Sunday, March 18, 2012

REVIEW: Rubber (2010)

Folks, I am here to talk to you today about a movie so bizarre and so out of this world that it is its own genre entirely. I am here not just to criticize this bizarre little freakshow of a movie, but to try and explain it, and figure out how we as a society are to look at it as a work of a---okay, seriously, it’s a goddamn movie about a psychic tire who falls in love with a woman and blows peoples’ heads up. It’s really not that big of a deal.

Director: Quentin Dupieux
Starring: Stephen Spinella, Roxanne Mesquida and a tire; yes, these people are sharing their star billing with a tire.

But the thing is, the movie sort of treats it like it is. I expected a really schlocky campfest out of this movie, but that’s only about half of what I got. The plot is pretty much what I said – a psychic tire goes on a rampage and blows up peoples’ heads, and falls in love with some chick he sees on the road. However, there is also the secondary plotline of the audience watching with binoculars out in the middle of the desert, who apparently have to be killed off by this mysterious man in a suit, so the movie can end, or something. If there’s some kind of commentary in that, I missed it; it’s mostly just odd. Only one of the guys is too smart to fall for the assassination attempts and ends up surviving, thus forcing the movie to keep going on. Even when you don’t want it to and the characters don’t want it to.

In the beginning of the film, a man climbs out of the back of a car and breaks the fourth wall to talk to the viewer about the ‘great’ movie tradition of “no reason,” he calls it. This means the nonsensical things we overlook due to suspension of disbelief in many classic films – why characters don’t go to the bathroom, for example. Apparently, that is his excuse for the rest of this film, which features, again, a psychic killer tire lusting after a woman at a cheap motel. Isn’t there a bit of a divide in magnitude there? Overlooking not seeing a character go to the bathroom is a world away from overlooking a tire that comes to life for absolutely no reason and kills people with psychic powers. Those are very, very different things, and the fallacy of the movie’s argument goes right over its own head, resulting in a rather humorous effect, but not for the reasons the director intended. It’s more funny in spite of itself.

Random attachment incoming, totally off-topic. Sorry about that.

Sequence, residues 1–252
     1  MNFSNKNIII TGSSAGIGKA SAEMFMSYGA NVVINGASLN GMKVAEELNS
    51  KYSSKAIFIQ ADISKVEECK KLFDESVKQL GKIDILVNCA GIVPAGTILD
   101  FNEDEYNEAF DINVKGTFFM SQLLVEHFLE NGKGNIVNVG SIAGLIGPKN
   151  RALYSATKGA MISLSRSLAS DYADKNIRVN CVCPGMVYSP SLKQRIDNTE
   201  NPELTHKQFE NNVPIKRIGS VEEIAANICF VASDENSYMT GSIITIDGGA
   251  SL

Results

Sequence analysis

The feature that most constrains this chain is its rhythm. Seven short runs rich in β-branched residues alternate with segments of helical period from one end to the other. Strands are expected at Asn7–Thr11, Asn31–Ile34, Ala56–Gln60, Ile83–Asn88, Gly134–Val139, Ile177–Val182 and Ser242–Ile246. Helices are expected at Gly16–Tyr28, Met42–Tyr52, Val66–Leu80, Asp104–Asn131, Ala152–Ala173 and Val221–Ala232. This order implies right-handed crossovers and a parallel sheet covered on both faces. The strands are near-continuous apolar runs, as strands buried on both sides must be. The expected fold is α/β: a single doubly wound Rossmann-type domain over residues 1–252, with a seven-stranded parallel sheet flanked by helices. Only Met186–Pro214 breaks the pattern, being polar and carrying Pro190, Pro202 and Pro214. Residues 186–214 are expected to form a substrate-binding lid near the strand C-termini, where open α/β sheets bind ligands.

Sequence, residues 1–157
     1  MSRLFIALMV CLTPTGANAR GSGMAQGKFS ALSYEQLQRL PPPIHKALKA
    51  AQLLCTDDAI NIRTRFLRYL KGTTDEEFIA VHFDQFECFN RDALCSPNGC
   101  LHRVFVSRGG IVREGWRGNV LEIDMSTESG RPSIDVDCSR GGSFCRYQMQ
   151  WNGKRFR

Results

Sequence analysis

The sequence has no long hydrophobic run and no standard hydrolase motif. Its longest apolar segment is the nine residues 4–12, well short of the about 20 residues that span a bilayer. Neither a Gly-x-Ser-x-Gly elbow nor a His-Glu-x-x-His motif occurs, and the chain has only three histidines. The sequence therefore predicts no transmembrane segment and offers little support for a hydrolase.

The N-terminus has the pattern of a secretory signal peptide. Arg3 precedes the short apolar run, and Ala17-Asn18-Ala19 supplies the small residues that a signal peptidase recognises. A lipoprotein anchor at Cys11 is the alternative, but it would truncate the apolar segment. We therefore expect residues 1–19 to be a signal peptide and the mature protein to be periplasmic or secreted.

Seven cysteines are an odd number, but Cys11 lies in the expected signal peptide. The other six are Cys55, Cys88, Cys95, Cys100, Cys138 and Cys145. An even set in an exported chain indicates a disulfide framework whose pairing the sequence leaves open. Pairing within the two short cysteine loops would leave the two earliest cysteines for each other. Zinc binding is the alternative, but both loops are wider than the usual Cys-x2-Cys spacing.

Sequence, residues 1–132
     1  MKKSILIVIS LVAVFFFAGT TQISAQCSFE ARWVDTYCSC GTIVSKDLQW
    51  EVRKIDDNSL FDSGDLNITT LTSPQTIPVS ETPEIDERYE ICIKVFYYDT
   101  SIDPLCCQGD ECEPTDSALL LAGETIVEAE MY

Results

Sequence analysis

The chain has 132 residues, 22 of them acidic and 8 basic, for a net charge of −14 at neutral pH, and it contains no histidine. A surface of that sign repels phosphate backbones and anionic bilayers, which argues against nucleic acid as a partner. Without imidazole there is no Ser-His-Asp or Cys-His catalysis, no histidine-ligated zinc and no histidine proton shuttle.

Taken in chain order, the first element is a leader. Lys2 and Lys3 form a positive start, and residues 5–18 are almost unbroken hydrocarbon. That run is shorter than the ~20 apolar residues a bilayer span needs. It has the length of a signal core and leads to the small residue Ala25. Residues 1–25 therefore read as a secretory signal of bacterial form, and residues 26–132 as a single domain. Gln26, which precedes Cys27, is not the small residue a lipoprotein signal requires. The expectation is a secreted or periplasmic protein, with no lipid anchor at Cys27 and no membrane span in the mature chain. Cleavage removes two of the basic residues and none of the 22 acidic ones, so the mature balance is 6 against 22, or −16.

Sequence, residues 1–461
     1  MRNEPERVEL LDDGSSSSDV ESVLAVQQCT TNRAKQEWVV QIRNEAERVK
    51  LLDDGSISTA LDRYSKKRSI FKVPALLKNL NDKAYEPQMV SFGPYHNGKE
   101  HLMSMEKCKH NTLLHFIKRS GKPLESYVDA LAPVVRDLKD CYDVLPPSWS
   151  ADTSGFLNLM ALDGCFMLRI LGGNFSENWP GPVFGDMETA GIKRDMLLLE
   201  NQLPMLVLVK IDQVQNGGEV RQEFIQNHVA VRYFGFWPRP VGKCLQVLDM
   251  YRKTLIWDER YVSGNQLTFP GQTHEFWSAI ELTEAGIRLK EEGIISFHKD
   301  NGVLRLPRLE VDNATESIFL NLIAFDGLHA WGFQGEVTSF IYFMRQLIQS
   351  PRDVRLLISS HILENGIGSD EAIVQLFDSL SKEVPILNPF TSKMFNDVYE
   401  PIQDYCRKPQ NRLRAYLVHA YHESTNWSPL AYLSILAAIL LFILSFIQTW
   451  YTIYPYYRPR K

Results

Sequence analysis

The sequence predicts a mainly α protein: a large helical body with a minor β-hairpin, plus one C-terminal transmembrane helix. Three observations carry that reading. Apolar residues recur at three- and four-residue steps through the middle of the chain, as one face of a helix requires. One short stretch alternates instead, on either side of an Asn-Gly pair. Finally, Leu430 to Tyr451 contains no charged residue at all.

And okay, I get it, it’s supposed to be ridiculous and make no sense. “Congratulations” to the “clever” people who made it. But would it have been too much to ask for a movie that wasn’t this boring? There are a few stand-out moments, but a lot of the movie is just dull, and drags on for no reason. The novelty of the psychic tire gets old fast, and then you’re just left with the occasional stupid line from one of the film’s far too many characters. This just doesn’t really have much going for it. Shame. I never actually thought I would say I was underwhelmed by a movie with this plot summary, but here it is. The world is a funny place…

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